By Danuta A. Nitecki, Eileen G. Abels
Seriously acclaimed considering its inception, "Advances in Librarianship" is still the basic reference resource for advancements within the box of libraries and library technology. Articles released within the serial have gained nationwide prizes, corresponding to the Blackwell North the US Scholarship Award for the exceptional 1994 monograph, article, or unique paper within the box of acquisitions, assortment, improvement, and similar components of source improvement. All parts of public, collage, collage, basic and secondary faculties, and targeted libraries are given updated, severe research by way of specialists engaged within the perform of librarianship, in instructing, and in examine.
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Extra resources for Advances in Librarianship, Volume 29 (Advances in Librarianship)
The answer to that question is complex, perhaps even more complex than we might imagine. In a study of 194 adults who read extensively for pleasure, Catherine Ross (2000; 1999) has explored this question in some detail. She found that even though readers of narrative stories often stated that they read merely to be entertained, further probing revealed that a certain book or books had made a diVerence to their lives in major ways. Examples included causing the reader to see a new perspective, providing a role model for identity, giving courage to make a change, or facilitating a greater understanding of the world (as in the case of reading Freedom at Midnight, a fictional account of the partition of India).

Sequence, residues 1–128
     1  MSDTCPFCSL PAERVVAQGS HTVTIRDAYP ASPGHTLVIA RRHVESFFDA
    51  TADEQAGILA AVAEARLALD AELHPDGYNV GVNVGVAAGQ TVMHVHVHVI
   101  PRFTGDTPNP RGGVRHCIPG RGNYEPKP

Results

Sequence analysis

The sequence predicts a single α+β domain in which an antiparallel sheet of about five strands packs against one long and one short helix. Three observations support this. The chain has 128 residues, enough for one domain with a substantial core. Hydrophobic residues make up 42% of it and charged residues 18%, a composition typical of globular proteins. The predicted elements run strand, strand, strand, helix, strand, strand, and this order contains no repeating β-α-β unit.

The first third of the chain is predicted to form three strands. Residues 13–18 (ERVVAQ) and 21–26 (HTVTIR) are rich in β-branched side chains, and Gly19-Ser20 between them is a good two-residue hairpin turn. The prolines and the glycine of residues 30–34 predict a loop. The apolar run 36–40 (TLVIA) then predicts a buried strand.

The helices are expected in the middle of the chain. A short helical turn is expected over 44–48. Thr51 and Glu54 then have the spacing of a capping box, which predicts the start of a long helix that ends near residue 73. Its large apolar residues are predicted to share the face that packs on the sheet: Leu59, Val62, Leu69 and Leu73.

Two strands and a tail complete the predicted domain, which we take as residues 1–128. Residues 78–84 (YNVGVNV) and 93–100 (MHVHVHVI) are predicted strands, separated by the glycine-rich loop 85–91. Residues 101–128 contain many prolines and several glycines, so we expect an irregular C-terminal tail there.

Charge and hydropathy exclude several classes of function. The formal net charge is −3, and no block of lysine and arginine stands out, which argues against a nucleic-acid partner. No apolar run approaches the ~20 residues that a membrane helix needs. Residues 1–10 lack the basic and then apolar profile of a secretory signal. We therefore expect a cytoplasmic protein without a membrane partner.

Kenney (2002) notes that ‘‘libraries must oVer this [electronic reference] service and they need to do it well; if they don’t someone else most certainly will’’ ( p. 47). IV. The Information-Seeking of Particular Populations A. Children and Young Adults Information-seeking research in a public library context is perhaps best known for its focus on specific user populations, reflective, perhaps, of our tendency to define this institution by the people it is intended to serve. One of the largest bodies of literature in this area is that which examines the information needs and activities of children and young adults.
162). All of this background work is important in creating an environment where readers understand that reading is valued, and where they will feel comfortable approaching librarians to talk about reading. When it comes to interacting with library patrons, Readers’ Advisory service uses some of the same best practices as the Reference Interview, but is quite a diVerent transaction. Shearer (1996) points out that: Unlike a reference transaction, the successful conclusion of a readers’ advisory transaction is not the provision of a fact or missing data, nor does it attempt to fill a known gap in an otherwise complete informational or knowledge framework.